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Metro unveils inaugural ‘energy action plan’ to reduce emissions and energy costs

The transit agency says it will put $65 million toward a myriad of sustainability efforts by 2025

The Union Station Metro stop
Shutterstock

Here’s some Earth Day news with underground implications: Metro says it will invest $65 million from its capital budget toward a wide variety of sustainability efforts over the next several years. The regional transit agency announced Monday its first-ever “energy action plan,” saying this plan is “a detailed roadmap to reduce energy usage, cut greenhouse gas emissions and generate up to $29 million annually in energy and operational cost savings.”

The plan follows a 2017 audit of Metro’s energy usage that recommended significant energy cuts by 2025. “Business as usual energy costs are expected to increase by 34 percent between 2017 and 2025,” according to the plan. “This increase is primarily due to increasing energy consumption (e.g. the extension of the Silver Line to Dulles airport and Loudoun County) and increasing utility costs and commodity prices.” Metro says fully implementing the plan would limit the average annual growth in its energy costs to 1.7 percent, as compared with 3 percent under current conditions. Some savings would relate to operations and maintenance.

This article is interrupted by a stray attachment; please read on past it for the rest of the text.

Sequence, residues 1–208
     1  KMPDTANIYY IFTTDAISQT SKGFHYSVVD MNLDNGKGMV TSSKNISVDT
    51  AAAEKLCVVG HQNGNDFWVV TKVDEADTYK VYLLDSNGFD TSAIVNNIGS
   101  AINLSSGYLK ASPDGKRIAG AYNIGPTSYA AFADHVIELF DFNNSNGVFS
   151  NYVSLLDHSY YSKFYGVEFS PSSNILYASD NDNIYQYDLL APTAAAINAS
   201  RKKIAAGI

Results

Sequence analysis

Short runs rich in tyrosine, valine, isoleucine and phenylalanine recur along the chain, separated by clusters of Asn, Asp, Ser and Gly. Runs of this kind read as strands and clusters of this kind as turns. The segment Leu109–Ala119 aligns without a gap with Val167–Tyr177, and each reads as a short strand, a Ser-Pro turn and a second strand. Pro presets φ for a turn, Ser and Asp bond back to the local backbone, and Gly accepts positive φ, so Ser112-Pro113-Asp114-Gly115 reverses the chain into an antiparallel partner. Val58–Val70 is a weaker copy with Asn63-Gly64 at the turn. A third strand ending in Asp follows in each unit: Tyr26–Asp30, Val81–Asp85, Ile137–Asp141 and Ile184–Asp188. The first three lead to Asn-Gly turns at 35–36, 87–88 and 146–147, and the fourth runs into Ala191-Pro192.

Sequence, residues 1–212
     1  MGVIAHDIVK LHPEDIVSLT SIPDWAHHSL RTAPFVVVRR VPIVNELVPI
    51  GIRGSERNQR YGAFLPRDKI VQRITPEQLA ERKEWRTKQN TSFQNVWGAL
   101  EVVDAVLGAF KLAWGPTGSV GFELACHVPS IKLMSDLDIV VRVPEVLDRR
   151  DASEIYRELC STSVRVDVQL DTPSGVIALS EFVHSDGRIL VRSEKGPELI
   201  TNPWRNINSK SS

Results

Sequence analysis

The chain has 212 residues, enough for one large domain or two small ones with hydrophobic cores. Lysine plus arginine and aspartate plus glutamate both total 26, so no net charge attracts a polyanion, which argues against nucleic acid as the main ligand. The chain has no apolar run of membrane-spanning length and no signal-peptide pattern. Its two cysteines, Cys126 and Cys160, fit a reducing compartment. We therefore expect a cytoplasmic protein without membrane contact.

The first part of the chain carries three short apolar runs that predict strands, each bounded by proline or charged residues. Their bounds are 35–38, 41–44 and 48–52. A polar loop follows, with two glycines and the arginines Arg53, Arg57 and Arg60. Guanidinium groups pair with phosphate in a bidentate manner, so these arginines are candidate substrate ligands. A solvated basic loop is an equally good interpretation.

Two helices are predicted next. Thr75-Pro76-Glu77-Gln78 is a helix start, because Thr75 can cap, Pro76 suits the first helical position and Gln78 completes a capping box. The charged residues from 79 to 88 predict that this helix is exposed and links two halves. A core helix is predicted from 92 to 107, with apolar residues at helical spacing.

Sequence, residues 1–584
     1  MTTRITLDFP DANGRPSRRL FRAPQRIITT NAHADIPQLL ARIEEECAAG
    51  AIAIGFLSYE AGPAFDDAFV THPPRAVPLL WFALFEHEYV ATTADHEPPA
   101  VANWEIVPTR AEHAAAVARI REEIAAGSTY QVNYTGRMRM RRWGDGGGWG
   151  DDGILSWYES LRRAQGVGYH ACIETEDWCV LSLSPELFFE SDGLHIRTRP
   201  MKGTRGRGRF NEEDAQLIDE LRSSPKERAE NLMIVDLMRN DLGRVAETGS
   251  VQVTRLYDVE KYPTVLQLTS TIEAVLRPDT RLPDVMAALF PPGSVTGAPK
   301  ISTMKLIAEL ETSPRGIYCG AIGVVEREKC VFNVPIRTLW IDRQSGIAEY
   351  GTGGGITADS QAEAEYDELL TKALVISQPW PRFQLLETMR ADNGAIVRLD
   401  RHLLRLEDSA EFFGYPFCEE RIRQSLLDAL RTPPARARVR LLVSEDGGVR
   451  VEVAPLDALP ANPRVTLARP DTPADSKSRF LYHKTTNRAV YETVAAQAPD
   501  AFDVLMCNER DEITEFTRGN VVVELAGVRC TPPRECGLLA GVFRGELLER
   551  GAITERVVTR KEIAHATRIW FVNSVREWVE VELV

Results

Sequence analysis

Additionally, with a new sustainability calculator, Metro riders can now estimate how much carbon they would offset by taking rail or bus rather than a solo car ride. The transit agency says the energy action plan is expected to result in the equivalent of 35,000 fewer vehicles on the road every year. (The plan also notes that energy costs are currently Metro’s “largest non-personnel operating expense.”) Here are a few highlights from the plan, per a Metro release:

Metro’s new Potomac Yard Station is being designed to be the first-ever LEED Certified transit station in the U.S.

Metro’s new headquarters building, located near L’Enfant Plaza, will be designed to LEED platinum standards, the highest level of energy efficiency and green building.

Metro is developing an electric bus deployment strategy to pilot and evaluate the use of electric buses in the fleet.

Metro says some of its sustainability initiatives are already being implemented. They include “regenerative breaking systems” on new railcars (where energy is recuperated as trains slow down), a “net-zero” Metro water treatment facility in Largo, Maryland (that leverages gravity and solar panels), and new LED trackbed lighting installed at about two dozen underground stations. You can read the energy action plan, which includes the 2017 audit’s findings, here.